"He played a little catch the other day and feels pretty good," manager Bob Melvin said before Game 3 on Monday. "Probably not 100 percent, but I think he's going to play catch again today. I'm not sure — I don't think it's off a mound yet, but he's felt better than he has postgame his last three starts."

Griffin went 14-10 during the regular season. He could still be an option during the postseason depending on how far the Athletics advance.

"He would have to throw at least one full bullpen," Melvin said. "He would have to be comfortable and throw a pretty strenuous bullpen where he's using his pitches, to see how his arm responds the next day."

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BETTING ON THE MAN: The numbers screamed for Pittsburgh Pirates manager Clint Hurdle to pinch-hit for slugger Pedro Alvarez in Game 3 of the NL division series Sunday.

The Cardinals brought in overpowering left-handed reliever Kevin Siegrist with runners on first and second with one out in a tie game. The left-handed-hitting Alvarez came in batting just .180 against lefties this season and was 0 for 5 against Siegrist. The Pirates had right-handed Gaby Sanchez — who hit .333 against lefties — in the dugout ready to go.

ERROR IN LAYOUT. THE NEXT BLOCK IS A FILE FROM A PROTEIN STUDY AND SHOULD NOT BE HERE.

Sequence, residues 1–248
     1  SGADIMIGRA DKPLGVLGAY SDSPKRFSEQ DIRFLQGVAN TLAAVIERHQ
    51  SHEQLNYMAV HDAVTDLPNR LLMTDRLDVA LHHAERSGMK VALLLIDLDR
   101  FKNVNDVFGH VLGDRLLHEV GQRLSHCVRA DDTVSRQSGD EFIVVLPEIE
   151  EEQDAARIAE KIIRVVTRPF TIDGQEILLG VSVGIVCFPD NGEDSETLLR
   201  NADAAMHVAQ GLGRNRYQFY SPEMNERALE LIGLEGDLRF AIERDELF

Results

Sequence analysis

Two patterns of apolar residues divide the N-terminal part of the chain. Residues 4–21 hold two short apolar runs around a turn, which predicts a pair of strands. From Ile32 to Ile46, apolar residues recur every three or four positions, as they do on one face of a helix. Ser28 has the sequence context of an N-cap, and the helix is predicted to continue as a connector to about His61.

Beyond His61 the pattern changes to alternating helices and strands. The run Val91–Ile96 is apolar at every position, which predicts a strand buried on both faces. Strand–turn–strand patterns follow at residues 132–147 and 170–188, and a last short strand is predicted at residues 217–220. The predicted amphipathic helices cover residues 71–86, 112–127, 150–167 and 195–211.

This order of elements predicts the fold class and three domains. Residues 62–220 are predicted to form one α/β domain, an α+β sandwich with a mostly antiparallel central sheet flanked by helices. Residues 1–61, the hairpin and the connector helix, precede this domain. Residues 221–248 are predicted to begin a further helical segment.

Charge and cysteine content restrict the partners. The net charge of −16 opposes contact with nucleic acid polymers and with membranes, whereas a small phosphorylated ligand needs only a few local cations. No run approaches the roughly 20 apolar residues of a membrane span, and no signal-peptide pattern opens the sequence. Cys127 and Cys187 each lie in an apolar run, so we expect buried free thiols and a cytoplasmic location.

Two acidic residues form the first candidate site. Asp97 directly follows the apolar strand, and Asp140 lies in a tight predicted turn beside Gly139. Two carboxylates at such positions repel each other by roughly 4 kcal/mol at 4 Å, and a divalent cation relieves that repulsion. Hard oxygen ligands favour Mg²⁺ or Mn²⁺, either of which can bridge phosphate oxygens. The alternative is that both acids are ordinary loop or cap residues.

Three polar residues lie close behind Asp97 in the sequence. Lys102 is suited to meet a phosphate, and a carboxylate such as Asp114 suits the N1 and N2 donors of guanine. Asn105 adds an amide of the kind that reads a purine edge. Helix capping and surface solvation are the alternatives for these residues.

Instead, Hurdle opted to keep Alvarez in the game. The result? A sharp RBI single to right field that scored pinch-runner Josh Harrison and helped the Pirates to a 5-3 win.

Hurdle insisted he wasn't trying to buck convention but instead stick with the ethos that he's managed by since the day he took over in December 2010.

"Belief," Hurdle said. "It's part of his growth. (It's about) giving young players opportunities to do meaningful things in meaningful situations."

The decision to stick with Alvarez wasn't the only time Hurdle went against the book in Game 3. He inserted Jordy Mercer for Clint Barmes at shortstop in the seventh inning even though Mercer committed a couple of critical errors late in the season. Mercer ended up making a pair of sensational plays, including a pirouette on a grounder up the middle by Jon Jay that was turned into an out.

"I feel like there's no doubt that he believes in me," Mercer said. "I never lost that really, at any point this season."

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LUCKY CHARM: When a tired Boston Red Sox team was on the West Coast in August, Jake Peavy was walking to the ballpark in San Francisco when something caught his eye.

Inside a smoke shop was a 3-foot wooden Indian.

The pitcher initially kept walking, but soon stopped.

"My heritage is American Indian," Peavy said Monday. "I kind of looked back and he was still looking at me. I did a U-turn and I went in and asked how much he cost. We did some negotiating and I carried him on to the ballpark."